Peptides E and K, which are synthetic coiled-coil peptides for membrane fusion, were simulated with lipid bilayers composed of lipids and cholesterols at different ratios using all-atom models. We first calculated free energies of binding from umbrella sampling simulations, showing that both E and K peptides tend to adsorb onto the bilayer surface, which occurs more strongly in the bilayer composed of smaller lipid headgroups. Then, unrestrained simulations show that K peptides more deeply insert into the bilayer with partially retaining the helical structure, while E peptides less insert and predominantly become random coils, indicating the structural transition from helices to random coils, in quantitative agreement with experiments. This is because K peptides electrostatically interact with lipid phosphates, as well as because hydrocarbons of lysines of K peptide are longer than those of glutamic acids of E peptide and thus form stronger hydrophobic interactions with lipid tails. This deeper insertion of K peptide increases the bilayer dynamics and a vacancy below the peptide, leading to the rearrangement of smaller lipids. These findings help explain the experimentally observed or proposed differences in the insertion depth, binding strength, and structural transition of E and K peptides, and support the snorkeling effect.
Membrane fusion is a process of transporting molecules between or within cells such as synaptic neurotransmission, endocytosis, and exocytosis, which is triggered by specific interactions of fusion proteins such as the formation of coiled coils1,2,3,4. For example, SNARE (soluble N-ethylmaleimide-sensitive factor attachment protein receptor) proteins5, which form a stable four helical coiled-coil bundle, can induce the intracellular transport, since those coiled coils on cell membranes self-assemble into a mechanically rigid bundle and thus can bring different cell membranes closer and initiate their fusion6,7. This coiled coil-induced fusion has shown great potential for drug or gene delivery because coiled coils can be attached to the drug transporter such as a liposome and modulate the entry of the transporter into cells and the release of drug molecules. To understand the mechanism of the SNARE-induced membrane fusion and develop a simple model of coiled coils for biomedical applications, synthetic mimics of SNARE proteins have been developed8,9.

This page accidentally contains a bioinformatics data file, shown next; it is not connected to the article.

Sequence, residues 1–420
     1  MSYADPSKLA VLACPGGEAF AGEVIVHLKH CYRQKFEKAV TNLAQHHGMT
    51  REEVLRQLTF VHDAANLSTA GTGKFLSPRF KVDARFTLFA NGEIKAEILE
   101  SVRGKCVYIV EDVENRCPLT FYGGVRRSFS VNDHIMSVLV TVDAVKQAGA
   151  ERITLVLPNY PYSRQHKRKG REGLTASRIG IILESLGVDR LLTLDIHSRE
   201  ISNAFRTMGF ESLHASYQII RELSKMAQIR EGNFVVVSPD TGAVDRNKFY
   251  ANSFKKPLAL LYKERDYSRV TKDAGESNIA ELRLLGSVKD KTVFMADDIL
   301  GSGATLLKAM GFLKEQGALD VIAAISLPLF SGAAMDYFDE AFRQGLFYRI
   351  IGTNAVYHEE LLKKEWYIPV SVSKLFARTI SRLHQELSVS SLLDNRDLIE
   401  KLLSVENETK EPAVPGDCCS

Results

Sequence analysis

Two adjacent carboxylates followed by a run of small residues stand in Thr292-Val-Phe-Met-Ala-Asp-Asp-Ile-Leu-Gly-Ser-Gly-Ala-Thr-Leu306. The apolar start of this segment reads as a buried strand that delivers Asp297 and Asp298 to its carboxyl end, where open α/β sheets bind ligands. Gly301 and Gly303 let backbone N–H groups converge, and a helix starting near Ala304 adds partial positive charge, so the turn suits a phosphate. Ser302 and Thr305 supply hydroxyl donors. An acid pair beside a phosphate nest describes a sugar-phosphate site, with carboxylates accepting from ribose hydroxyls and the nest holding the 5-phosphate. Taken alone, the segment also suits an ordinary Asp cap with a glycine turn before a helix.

The Kros group pioneered experimental studies of membrane fusion induced by synthetic coiled coils. They synthesized coiled coils “K” and “E” (respectively, (KIAALKE)3 and (EIAALEK)3; Fig. 1), which are shorter versions of SNARE proteins, and conjugated those into the liposome surface10,11. They observed the parallel-heterodimer formation of peptides E and K while still triggering membrane fusion as efficiently as SNARE proteins do. Besides this heterodimer formation, they proposed the homodimer formation of E-E and K-K, implying their aggregation on the liposome surface12,13,14,15. Recently, their compression-expression experiments with the Langmuir film showed the stronger interactions of lipid monolayers with K peptides than with E peptides16, which was confirmed by measuring secondary structures of peptides, indicating more helical structure for K peptides than for E peptides17. These results were explained by the hypothesis that lysine residues of K peptides have longer hydrocarbon chains than do glutamic-acid residues of E peptides and thus form stronger hydrophobic interactions with lipid tails, called the “snorkeling” effect, although the mechanism has not yet been understood. These imply that membrane fusion is not only induced by the coiled-coil formation of K and E peptides but also by the interactions between K peptides and membrane surfaces of their own or neighboring liposomes, which may bring neighboring liposomes closer or disorder the membrane interface. To interpret these experimental observations and assumptions, the structure of peptides and their binding strength with membranes need to be studied at nearly the atomic scale, as can be done using molecular dynamics (MD) simulations.